Perhaps mere utilitarian products, but they demonstrate that sometimes, commerce inspires innovation.
Full of eye-popping vintage cover art, coffee-table books such as Unusual Sounds and The Music Library have whetted the crate-digger’s appetite for old-school production music. This cottage industry was set up around background tracks played by session musicians and sold (by the album) for use in TV and film. You’re heard more of it than you realize. George Romero used such tracks to score Night of the Living Dead, and the long-time “Monday Night Football” theme comes from the 1974 album Heavy Action, released on the British label KPM. That company’s vast catalogue has been digitized and made available online, and last year Be With Records launched a program to reissue 10 of the most popular albums in vinyl editions that reproduce the branded KPM hunter green color block. Two titles in the series were released in December, and each is chock full of easily digestible break-beats and studio funk instrumentals. They’re perhaps mere utilitarian products, but they demonstrate that sometimes, commerce inspires innovation.
First released in 1975, The Hunter (Drama Suite)/Adventure Story is, for better and for worse, a typical KPM album of the era. Steve Gray’s “Theme for a Hunter” opens the set with a drum roll and brass fanfare that immerses you immediately into some ‘70s crime drama funk score. The sick bassline is so vivid you can practically see some hard-boiled detective with wide lapels jumping out of a gas guzzler and drawing his weapon to take down a perpetrator.
The full track conveys a lot of lurid action in just over two minutes, and, to make it easier for filmmakers who may only need a short music cue, it’s followed by three brief versions of the theme, each about 10 seconds long. This is where the album becomes more of a means to an end rather than a self-contained unit. “Link 1” isn’t much more than the tom-tom roll and brass fanfare, closing off with the primary bassline, which ends and decays in the audio equivalent of a cinematic fade-out or dissolve. This gives you an idea of the restrictions that session musicians behind these albums were working with; how do you convey a self-contained mood and audio story in 10 seconds? KPM and other library music players did this on a regular basis, consummate professionals that faced radical time constraints and still came up with something distinct and sample-worthy. “Link 2” is the same track, but without the bassline, while a third variation takes another part of the brass theme and, unlike the other two segments, leaves the theme unresolved, ending on a musical question mark perfect for use in a dramatic cliffhanger.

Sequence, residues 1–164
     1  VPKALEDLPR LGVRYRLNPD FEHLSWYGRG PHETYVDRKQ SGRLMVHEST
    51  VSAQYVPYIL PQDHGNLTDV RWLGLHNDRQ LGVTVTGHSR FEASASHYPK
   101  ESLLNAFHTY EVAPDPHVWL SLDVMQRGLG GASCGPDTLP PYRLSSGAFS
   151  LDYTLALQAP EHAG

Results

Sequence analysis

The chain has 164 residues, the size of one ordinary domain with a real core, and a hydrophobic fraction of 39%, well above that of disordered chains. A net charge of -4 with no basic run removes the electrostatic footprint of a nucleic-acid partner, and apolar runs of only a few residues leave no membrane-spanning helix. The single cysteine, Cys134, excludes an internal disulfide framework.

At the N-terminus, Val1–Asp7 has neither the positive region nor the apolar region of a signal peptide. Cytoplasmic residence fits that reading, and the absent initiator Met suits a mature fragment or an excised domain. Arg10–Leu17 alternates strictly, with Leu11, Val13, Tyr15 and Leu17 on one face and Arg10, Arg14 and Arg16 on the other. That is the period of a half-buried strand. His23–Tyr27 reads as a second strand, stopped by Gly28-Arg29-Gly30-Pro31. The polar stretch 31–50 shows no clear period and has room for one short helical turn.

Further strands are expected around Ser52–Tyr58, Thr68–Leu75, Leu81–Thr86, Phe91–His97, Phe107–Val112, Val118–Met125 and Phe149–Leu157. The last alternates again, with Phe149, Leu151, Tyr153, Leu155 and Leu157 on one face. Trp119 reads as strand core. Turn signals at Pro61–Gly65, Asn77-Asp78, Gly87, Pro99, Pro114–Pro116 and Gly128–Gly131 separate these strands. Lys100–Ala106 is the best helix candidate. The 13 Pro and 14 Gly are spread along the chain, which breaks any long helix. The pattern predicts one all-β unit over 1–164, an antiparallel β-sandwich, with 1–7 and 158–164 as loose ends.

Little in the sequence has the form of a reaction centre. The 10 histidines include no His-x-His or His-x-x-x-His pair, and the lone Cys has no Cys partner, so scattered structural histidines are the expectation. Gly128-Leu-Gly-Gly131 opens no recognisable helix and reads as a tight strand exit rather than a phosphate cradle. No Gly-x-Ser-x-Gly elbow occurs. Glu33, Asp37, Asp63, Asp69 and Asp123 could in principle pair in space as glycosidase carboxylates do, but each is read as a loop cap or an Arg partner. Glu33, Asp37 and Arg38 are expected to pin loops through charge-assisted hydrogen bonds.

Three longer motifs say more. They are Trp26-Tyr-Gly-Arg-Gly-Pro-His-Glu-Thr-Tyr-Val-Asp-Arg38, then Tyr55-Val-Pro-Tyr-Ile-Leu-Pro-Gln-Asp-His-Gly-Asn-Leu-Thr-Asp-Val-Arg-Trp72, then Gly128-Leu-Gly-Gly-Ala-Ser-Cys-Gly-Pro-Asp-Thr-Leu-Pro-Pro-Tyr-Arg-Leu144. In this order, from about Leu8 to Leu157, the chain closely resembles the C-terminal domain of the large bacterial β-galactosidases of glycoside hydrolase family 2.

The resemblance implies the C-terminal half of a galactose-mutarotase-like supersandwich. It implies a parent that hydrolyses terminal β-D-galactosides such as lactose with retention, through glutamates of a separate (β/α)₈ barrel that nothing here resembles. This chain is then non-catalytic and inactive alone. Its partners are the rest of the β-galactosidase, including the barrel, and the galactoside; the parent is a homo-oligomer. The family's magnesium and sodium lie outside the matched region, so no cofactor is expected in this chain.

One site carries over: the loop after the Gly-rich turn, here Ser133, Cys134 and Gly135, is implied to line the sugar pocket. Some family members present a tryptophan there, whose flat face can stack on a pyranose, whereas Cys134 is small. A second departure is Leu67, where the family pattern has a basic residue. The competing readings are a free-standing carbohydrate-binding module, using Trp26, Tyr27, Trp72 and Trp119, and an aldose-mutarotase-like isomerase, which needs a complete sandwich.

Similarly, Clive Hicks’ somber, moody “Approach” is included in a full version and three short variations. The fragments are more evocatively titled, and don’t just sound like a few bars taken from the full score. While the melody of the full version is played on flute, the “Shock” variation is a startling five-second burst on heavily distorted guitar; “Sting” is a more conventional two-note fuzz guitar fill, and “Exclamation” a slightly more complex but less distorted guitar figure. This is entertaining stuff, though it doesn’t quite make for an album one could sit down and listen to, unless one had it on headphones and tried to match up the action to their surroundings (which seems like a worthy exercise).
The 1976 release Visual Impact, on the other hand, registers more like an album since each track is heard in just one, full-length version. John Scott’s “Canaveral Scape” opens the record with a ballad tempo that APM, the company that currently licenses KPM material in the United States, helpfully explains as suitable for “momentous objects”: the primarily string and brass arrangement begins to suggest a sterile institution, but when it shifts into a mildly funky piano and brass theme it conjures a simmering tension. Steve Gray’s “Low Profile” begins with bass and bongos, and for much of its four and a half-minutes, the bassline, somewhat contrary to the track’s title, climbs up the scale as if a stalking protagonist (on either side of the law, perhaps) is getting closer to its prey. It’s a solid soundtrack album for a movie that doesn’t exist—or rather, for several movies or television shows whose producers have tapped its wares for a scene or two.
The very nature of library music albums, destined to be sent to different homes like a litter of puppies, seems narratively disjointed. But these KPM albums, especially Visual Impact, sustain a coherent, professional mid-‘70s tone. They’re fine examples of craft more than enduring works of art, but either of them would go over well at your next theme party. Meanwhile, let’s hope the more rocking 1973 KPM title The Trendsetters gets a second life in this reissue program.